Department of Energy closely watching DOD’s JEDI implementation

DOE is watching to see how DOD's JEDI may change the way the two interact when sharing information.
Karen Evans, DOE
Karen Evans at the 2019 Cybersecurity Leadership Forum. (FedScoop)

The Department of Defense’s adoption of commercial cloud through the Joint Enterprise Defense Infrastructure program won’t just affect the military services and defense support agencies.

The Department of Energy is closely watching the Pentagon’s JEDI implementation to see how it may change the way the two interact when sharing information, said Karen Evans, assistant secretary for the Office of Cybersecurity, Energy Security, and Emergency Response (CESER).

DOD and DOE work closely together on cybersecurity of the nation’s critical energy infrastructure, Evans explained Monday at a DOD CIO awards ceremony. Particularly, Evans and her office meet and work regularly with Cyber Command and NSA around “the whole what does it mean to defend forward, and how is DOD going to work with the private sector to make sure power stays up?”

Other federal agencies, like the intelligence and law enforcement communities, are also likely watching DOD’s implementation of JEDI, both for partnership and information sharing purposes but also to learn lessons in what’s positioned to be a massive migration — worth up to $10 billion over 10 years with contract extensions.


“We always look forward to seeing how DOD accomplishes migration to the cloud,” Evans said. “You guys have your big cloud award out there, so of course DOE is looking to see how that implementation is going to go forward. We will be right there with you, just a little bit behind, lessons learned from how you guys are doing stuff.”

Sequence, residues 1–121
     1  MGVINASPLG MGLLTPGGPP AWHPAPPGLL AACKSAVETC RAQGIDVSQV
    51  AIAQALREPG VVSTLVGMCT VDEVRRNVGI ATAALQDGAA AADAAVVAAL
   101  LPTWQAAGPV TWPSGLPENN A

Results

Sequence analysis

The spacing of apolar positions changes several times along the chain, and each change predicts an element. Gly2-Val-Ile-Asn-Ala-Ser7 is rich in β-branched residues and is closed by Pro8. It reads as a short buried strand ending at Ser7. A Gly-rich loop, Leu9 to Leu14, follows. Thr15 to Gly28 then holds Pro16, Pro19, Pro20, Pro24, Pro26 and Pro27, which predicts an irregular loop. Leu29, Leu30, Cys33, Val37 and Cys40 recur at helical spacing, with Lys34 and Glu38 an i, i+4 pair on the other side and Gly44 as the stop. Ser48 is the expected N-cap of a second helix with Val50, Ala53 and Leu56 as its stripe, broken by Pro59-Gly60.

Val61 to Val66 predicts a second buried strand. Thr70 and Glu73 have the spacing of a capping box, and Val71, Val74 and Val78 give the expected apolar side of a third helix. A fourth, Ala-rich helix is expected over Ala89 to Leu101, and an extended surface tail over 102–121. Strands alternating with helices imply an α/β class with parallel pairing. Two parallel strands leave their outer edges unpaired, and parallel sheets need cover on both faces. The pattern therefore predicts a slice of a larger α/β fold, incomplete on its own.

Evans said this means “we need to have that same solution in place because we have to interact” with DOD. This doesn’t mean DOE is going to go off an award it’s own billion-dollar cloud contract just to communicate with the Pentagon — but it could build an enclave and adopt similar standards with the same cloud provider for maximum interoperability.

“That’s critical to us so that we understand what the technical platforms that you’re having in place because we have to be able to exchange and have you access our data so that we can then be able to have shared situational awareness in the energy sector,” she said.

Two weeks ago, the Pentagon awarded the JEDI contract to Microsoft, which edged out Amazon Web Services for the win. It remains to be seen if AWS will protest that decision.

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